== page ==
Changes in partnership lifestyles, the expansion in education and particularly the accompanying higher qualification of women, the globalizing of and increased flexibility in the labor market as well as processes of migration and integration are all among the central factors of social change in modern societies.
In the theoretical discussion, with respect to these developments as well as considering the increase in action options and the oft utilized keywords individualization and pluralization, it is often assumed that the classical dimensions of social inequality (education, occupation and income) have lost some of their relevance however, empirical proof of this is only somewhat available. The comprehensive samples of official statistics and the German General Social Survey (ALLBUS), since 1980, have been used to answer the related questions.
Against the background of ever declining numbers of marriages, rising divorce rates and rising numbers of civil partnerships there is intense discussion about the changes in partnership lifestyles often revolving around the terms individualization and pluralization. What remains open is whether these developments in the form of a displacing of structures from marriages to civil cohabitations balance out or if beyond that there is an increase in “partnerlessness,” i.e. singledom. Similarly, the last decades have often been described as a phase of dissolution of traditional class-specific structures and increased individualized (life-)relationships. The consideration of such theses brings together demographic-oriented family and household research with the description and explanation of developments in the area of social inequality.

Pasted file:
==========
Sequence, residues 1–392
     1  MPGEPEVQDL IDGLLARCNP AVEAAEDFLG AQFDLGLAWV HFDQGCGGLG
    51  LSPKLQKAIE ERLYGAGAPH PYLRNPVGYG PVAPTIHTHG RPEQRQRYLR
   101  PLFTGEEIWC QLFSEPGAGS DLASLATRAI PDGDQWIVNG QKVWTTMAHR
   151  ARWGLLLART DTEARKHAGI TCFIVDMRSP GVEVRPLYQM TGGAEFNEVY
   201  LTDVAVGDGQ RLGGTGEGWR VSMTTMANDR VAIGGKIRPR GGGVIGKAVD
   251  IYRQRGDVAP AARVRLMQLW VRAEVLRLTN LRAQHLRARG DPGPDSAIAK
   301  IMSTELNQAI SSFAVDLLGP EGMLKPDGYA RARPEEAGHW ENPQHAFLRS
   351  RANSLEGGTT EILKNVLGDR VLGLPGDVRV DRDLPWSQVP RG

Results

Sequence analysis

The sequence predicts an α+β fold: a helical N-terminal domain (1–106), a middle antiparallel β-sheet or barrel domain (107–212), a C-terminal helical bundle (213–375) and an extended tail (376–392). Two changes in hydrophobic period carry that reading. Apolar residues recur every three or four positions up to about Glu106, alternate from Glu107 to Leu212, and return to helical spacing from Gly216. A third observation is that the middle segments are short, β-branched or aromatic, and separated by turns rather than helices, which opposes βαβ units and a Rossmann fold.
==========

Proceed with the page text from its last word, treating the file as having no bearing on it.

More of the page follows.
The main research questions in this area center on the state and development of socially unequal participation in education. Since the 1960s – and yet again since the Pisa studies – there has been great debate in the discussion of education policy, in particular regarding the selection function of the educational system. Research carried out thus far has shown how this process has been implemented until the end of the 1980s. This work should be built upon, brought up to date with new data and supplemented with analyses on the education success of children from various migrant groups.
When, as a consequence of Germany’s “Wirschaftswunder”, or economic miracle, in the 1960s, the concomitant need for labor brought foreign “guest” workers to Germany no one counted on a long-term residence by these migrant laborers. The emergence of a second and third migrant generation also brings with it the multiplication of questions of integration, In this regard the labor market situation is only part of the story, added to that is another side, the issue of inter-ethnic marriages which, as classic indicators of societal integration, make for interesting research questions.